Basic and cutting-edge materials

Introduction to Materials Science for Engineers - Physics for Scientists and Engineers - Modern Physics for Scientists and Engineers
November 24, 2000

Here are three excellent textbooks of considerable worth to those studying materials science, modern physics or introductory physics. Useful ancillaries and websites help create a wonderful complete teaching package for each.

The first, by James Shackleford, gives a balanced, current treatment of the full spectrum of engineering materials, covering all the physical properties, applications, and relevant properties associated with engineering materials. It explores all major categories while also offering detailed examinations of a wide range of new materials with high-tech applications.

The book is organised logically into four parts: part one covers the fundamentals of applied physics and chemistry; part two structural materials (metals, ceramics, polymers and composites); part three electronic, optical and magnetic materials; and part four materials in engineering design (environmental and chemical degradation, radiation damage and wear, and material selection).

There are generous sample and practice problems (with answers). Answers to odd numbered end-of-chapter problems are provided. Illustrations, tables, and more, are available on the website.

This fifth edition contains five new chapters. Also, several one-page inserts have been added to provide focus on topics in the world of both engineering and natural materials. An Instructors Manual with fully worked solutions is available free to lecturers from the publisher. Students studying materials science in their engineering course would find this proven and up-to-date text a "must-read".

Stephen Thornton and Andrew Rex's text is suitable for either physics or engineering students who feel they are approaching the frontiers of physics. After discussing the state of physics a century ago, the authors introduce relativity and quantum theory as the basis of any study of modern physics. The rest of the text is devoted to the sub-fields of physics - atomic, condensed matter, nuclear, and particle - and the exciting field of cosmology.

Unique "special topic" boxes containing up-to-date applications of interest to physicists and engineers show the relevance of modern physics to the real world. An Instructor's Solutions Manual is available for lecturers from the publisher (at £14.95) giving the solutions to the 700 end-of-chapter problems. A Student Solutions Manual (also at £14.95) contains the solutions to about 25 per cent of the end-of-chapter problems. The website http:/// will post errata, new results, new examples, end-of-chapter problems and so on. The Modern Physics Instructor's Resource CD-ROM, a dynamic lecture tool, is also available (at £49.95) to enhance classroom presentation.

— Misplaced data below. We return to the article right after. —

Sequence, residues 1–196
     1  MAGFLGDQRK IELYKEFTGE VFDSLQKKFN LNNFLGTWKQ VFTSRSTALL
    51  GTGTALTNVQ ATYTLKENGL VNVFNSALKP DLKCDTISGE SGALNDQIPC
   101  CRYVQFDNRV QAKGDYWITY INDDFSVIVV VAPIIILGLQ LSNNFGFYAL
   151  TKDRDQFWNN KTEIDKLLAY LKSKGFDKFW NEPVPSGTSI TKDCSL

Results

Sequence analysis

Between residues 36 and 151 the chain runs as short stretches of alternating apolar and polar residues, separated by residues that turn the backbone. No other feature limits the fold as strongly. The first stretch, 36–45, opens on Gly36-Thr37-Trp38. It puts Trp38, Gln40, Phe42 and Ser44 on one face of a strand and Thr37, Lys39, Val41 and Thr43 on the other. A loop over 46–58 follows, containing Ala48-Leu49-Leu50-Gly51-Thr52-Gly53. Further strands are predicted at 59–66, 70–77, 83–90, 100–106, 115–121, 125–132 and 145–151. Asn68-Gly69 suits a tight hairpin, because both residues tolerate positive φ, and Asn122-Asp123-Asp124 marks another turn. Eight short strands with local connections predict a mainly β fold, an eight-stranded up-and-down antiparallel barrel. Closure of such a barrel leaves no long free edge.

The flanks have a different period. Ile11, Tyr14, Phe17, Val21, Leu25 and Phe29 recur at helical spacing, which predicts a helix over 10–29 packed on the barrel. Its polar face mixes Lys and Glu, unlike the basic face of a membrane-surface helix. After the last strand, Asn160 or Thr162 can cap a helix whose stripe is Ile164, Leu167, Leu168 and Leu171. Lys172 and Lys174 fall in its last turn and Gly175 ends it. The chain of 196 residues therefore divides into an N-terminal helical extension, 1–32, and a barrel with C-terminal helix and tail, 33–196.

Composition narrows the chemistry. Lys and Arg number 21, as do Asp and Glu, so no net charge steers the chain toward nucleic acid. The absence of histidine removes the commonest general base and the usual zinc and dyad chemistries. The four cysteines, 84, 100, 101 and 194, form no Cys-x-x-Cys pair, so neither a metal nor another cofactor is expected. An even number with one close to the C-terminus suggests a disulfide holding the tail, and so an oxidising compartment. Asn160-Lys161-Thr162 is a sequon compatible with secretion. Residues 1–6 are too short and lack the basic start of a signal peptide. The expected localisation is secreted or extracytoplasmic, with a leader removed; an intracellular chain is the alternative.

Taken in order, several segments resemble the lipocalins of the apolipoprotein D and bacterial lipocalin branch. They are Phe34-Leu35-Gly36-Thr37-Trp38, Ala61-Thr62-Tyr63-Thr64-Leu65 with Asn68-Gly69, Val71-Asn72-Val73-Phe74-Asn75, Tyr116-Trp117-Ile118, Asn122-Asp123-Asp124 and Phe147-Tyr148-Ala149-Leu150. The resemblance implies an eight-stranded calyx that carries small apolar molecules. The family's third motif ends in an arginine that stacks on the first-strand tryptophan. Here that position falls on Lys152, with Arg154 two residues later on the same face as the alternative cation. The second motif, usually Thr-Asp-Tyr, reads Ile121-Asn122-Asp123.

The third text, by Raymond Serway and Robert Beichner, is suitable for a course in introductory physics for students studying science or engineering. This good-value "tome" has two main objectives: to provide the student with a clear and logical presentation of the basic concepts and principles of physics, and to strengthen this understanding with a broad range of interesting applications to the real world. These aims are met fully.

The book is divided into six parts: part one, the fundamentals of Newtonian mechanics and the physics of fluids; part two, wave motion and sound; part three, heat and thermodynamics; part four, electricity and magnetism; part five, light and optics; and part six, relativity and modern physics.

Worked examples, exercises (with answers), over 1,000 questions, over 3,000 problems where answers to odd-numbered problems are provided, are among the many interesting features of the text. An Instructor's Manual with Solutions (in two volumes, each costing £12.95) contains answers to even-numbered problems, and complete worked solutions to all problems. A Student Solutions Manual and Study Guide is available, also in two volumes (each costing £14.95), and features detailed solutions to 20 per cent of the end-of-chapter problems. An Instructor's Resource CD-ROM (£49.95) provides lecturer's with a useful tool for classroom presentation, and contains files of the instructor's manual, test bank and practise problems with solutions. The instructor's website at http:/// includes a listing of overhead transparencies, and a guide to experiments in Physics Laboratory Manual, second edition.

John Bird is author of over 90 textbooks on engineering and mathematical subjects, and was formerly head of applied electronics, Highbury College, Portsmouth.

Introduction to Materials Science for Engineers: Fifth edition

Author - James F. Shackleford
ISBN - 0 13 011287 9
Publisher - Prentice Hall
Price - £32.99
Pages - 877

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